The Caterpillar Lab fosters greater appreciation and care for the complexity and beauty of our local natural history through live caterpillar educational programs, research initiatives, and photography and film projects. We believe that an increased awareness of one’s local environment is the foundation on which healthy and responsible attitudes towards the broader natural systems of this world is built.

© 2015 CATERPILLAR LAB INC.  With original artwork by Heather Reid and Samuel Jaffe

 

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MONKEY SLUG

September 6, 2015

 

CATERPILLAR OF THE WEEK: The aptly named Monkey Slug Caterpillar - Phobetron pithecium.

 

With no legs to speak of, a dozen waving tentacles, a thick mat of hair, and ample sharp spines, there really is nothing else quite like a Monkey Slug. This is one of over a dozen species of legless slug caterpillars native here in New England each fall. They are one of our favorite groups to display, because they challenge peoples preconceptions of what a caterpillar is or can be. We agree, it can be hard to understand the slug caterpillars as lepidopterans... but in the end they all grow up to be moths.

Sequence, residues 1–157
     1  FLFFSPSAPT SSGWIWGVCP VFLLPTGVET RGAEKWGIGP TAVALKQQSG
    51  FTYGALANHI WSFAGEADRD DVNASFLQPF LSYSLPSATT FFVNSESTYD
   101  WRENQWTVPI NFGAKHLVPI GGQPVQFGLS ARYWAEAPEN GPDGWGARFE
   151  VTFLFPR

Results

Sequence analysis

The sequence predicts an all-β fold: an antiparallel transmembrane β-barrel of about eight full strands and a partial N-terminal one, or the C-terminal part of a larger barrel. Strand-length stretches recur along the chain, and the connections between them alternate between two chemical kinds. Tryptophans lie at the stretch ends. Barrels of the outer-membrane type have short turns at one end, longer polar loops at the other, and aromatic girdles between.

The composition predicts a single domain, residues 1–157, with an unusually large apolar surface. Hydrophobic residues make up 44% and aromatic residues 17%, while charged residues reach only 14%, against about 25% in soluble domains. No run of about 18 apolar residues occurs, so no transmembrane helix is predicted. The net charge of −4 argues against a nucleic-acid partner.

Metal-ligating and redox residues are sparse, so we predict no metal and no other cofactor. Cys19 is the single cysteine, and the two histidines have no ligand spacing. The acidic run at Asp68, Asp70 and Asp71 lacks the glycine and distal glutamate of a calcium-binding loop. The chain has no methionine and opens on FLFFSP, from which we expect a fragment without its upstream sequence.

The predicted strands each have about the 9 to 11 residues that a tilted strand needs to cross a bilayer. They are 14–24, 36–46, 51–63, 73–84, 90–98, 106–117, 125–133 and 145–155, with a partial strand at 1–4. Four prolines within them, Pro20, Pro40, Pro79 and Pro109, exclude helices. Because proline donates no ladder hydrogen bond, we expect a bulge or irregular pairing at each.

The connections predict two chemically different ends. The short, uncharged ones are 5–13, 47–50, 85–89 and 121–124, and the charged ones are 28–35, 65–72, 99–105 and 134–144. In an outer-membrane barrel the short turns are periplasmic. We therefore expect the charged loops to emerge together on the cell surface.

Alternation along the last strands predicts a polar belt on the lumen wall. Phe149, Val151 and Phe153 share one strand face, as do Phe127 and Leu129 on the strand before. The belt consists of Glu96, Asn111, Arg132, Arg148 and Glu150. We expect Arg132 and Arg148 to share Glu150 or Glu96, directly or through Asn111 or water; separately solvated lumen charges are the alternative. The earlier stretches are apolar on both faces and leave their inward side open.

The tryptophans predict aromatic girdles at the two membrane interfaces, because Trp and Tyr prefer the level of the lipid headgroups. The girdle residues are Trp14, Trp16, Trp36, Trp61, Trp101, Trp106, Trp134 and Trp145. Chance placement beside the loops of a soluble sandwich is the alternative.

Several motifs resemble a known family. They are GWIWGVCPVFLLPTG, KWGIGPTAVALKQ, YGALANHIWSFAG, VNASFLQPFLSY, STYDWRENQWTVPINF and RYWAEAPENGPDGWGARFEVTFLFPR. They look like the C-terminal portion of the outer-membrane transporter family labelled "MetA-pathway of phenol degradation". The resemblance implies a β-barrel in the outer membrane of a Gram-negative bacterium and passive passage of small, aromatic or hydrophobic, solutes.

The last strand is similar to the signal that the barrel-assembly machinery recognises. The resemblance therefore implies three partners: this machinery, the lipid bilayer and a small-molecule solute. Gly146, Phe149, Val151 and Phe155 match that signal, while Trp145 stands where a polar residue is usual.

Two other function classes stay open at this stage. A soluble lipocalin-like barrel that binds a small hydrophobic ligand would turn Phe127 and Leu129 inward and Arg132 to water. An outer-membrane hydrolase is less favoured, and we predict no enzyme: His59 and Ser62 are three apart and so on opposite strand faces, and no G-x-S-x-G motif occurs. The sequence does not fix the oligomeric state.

What is this bizarre creature trying to look like? How does it gain protection by looking like a... well whatever it looks like! Please post and tell us what you see when you look at a Monkey Slug.

 

- Sam Jaffe

Executive Director

 

"Caterpillar of the week" will highlight a different species we grow in "The Caterpillar Lab" each week. We hope you will enjoy meeting the caterpillars of New England!

More information on Phobetron pithecium on bugguide here: 
http://bugguide.net/node/view/452

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